[lammps-users] Visualization using Paraview or VisIT

Having a number of lammps users on our campus and ample compute resources to generate large data sets, we are now bumping up against our next obstacle which is the ability to visualize these large (10 million - 50 million atom) data sets. We have looked at both Paraview and VisIT, but there doesn’t seem to be a simple way to read the lamps output data into these apps. Our interest in these two packages in particular is that they can run in parallel across multiple machines utilizing both cpu and memory which in turn would allow us to more effectively manipulate the data sets in graphical form (aka dynamic cutting planes, etc…).

It seems as if a vtk output option might be the best option, but wanted to poll the user list to see if anyone is in fact using either of these packages with any success to view large scale atomistic models.

Kind regards,

LAMMPS can write one dump file per processor (see the dump
command), so if you want multiple files as input to parallel
viz, that's a start. You'll likely have to do conversion, but that
is typically a post-processing task. The Pizza.py toolkit has
converters to VTK format for LAMMPS dump files.

Steve

Conversion of any code to parallel takes a few weeks, perhaps longer.
-- Ed Barsis

PS: that's #27 on my quote list (www.sandia.gov/~sjplimp/quotes.html)
- he used to be my boss.

hi jeff,

Having a number of lammps users on our campus and ample compute
resources to generate large data sets, we are now bumping up against
our next obstacle which is the ability to visualize these large (10
million - 50 million atom) data sets. We have looked at both Paraview
and VisIT, but there doesn't seem to be a simple way to read the lamps

<shameless plug>
have you looked at VMD?

its ability to handle large systems is for the most part limited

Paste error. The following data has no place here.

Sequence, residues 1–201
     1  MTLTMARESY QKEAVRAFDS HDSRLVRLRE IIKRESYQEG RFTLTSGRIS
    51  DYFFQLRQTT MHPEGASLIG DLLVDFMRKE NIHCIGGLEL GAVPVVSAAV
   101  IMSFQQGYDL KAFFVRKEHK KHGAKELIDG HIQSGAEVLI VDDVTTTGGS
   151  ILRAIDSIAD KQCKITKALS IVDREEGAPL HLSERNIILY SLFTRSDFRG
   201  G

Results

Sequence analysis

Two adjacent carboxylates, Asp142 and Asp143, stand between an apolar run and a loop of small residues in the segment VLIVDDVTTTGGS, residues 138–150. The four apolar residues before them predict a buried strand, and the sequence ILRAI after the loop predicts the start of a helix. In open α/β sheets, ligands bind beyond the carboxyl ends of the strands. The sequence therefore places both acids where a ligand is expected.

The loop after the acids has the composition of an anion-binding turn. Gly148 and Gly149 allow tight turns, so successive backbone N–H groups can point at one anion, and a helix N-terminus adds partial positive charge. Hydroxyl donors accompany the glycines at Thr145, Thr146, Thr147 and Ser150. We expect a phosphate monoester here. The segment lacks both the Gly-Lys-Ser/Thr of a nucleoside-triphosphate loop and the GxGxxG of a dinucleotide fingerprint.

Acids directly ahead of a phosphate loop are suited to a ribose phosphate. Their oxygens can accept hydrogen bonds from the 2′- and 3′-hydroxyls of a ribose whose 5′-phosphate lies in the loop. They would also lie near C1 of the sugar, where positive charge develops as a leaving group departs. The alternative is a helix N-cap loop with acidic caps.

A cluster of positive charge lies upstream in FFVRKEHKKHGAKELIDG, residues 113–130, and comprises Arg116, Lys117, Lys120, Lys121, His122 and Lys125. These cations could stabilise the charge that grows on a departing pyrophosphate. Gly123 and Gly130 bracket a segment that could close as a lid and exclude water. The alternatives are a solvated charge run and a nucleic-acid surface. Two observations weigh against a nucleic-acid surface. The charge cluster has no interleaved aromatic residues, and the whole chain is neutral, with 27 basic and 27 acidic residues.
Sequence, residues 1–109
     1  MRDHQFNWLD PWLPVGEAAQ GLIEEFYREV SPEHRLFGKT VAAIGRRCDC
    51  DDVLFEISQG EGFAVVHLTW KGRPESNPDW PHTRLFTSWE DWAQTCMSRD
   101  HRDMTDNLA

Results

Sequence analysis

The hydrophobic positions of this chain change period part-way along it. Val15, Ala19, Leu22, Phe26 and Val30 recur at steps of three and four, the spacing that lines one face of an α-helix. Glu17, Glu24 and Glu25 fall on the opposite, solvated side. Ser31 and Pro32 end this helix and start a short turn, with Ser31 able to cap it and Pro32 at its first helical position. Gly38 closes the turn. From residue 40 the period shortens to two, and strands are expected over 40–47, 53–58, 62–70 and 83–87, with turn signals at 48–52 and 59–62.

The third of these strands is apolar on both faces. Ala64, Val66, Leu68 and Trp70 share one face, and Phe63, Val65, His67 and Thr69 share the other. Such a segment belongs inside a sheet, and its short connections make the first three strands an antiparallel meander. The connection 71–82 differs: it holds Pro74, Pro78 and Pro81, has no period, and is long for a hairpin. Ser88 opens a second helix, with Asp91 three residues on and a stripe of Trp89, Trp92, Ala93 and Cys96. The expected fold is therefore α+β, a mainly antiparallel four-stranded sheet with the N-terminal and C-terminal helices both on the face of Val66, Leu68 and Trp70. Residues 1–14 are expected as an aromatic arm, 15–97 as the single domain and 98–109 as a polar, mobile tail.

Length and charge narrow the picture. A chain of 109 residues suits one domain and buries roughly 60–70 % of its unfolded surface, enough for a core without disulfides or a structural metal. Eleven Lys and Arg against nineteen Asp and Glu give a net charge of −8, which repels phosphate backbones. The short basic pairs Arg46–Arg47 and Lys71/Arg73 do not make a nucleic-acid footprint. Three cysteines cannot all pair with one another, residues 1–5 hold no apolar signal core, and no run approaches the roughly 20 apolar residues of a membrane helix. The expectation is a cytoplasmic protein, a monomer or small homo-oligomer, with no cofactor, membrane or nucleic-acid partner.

only by main memory. the memory requirements are quite modest.
for the initial system information you would need approximately
40 bytes per atom, which would turn into about 2GB for a 50 millon
atom system. each additional trajectory frame would come at the
cost of another 600MB.
</shameless plug>

output data into these apps. Our interest in these two packages in
particular is that they can run in parallel across multiple machines
utilizing both cpu and memory which in turn would allow us to more
effectively manipulate the data sets in graphical form (aka dynamic
cutting planes, etc...).

i personally prefer not to have to deal with hooking up multiple
machines to do something interactive. this can easily turn into
a big waste of resources.

It seems as if a vtk output option might be the best option, but
wanted to poll the user list to see if anyone is in fact using either
of these packages with any success to view large scale atomistic
models.

i have given this some thought, since the research in our group is
headed towards similar system sizes, if not larger, and my feeling
is that rather than jumping through enormous hoops to handle larger
and larger data sets (how to store them? how to read them efficiently?)
i am beginning to wonder, whether it would not be better to start
condensing down the information about the system into something
more manageable. for example, do a coarse graining before storing,
or convert individual positions into a density grid or something
more sophisticated. at the rate of millions of atoms, you don't
really need the atomic detail except for (small) subsets and
also often don't want high frequency motions (filtering those out,
could give *much* better compressible trajectories).

any comments?
if there is somebody out there, that would like to discuss these
issues and has similar (practical) needs, i'd be happy to keep
discussing this off-list or in a more suitable forum.

cheers,
   axel.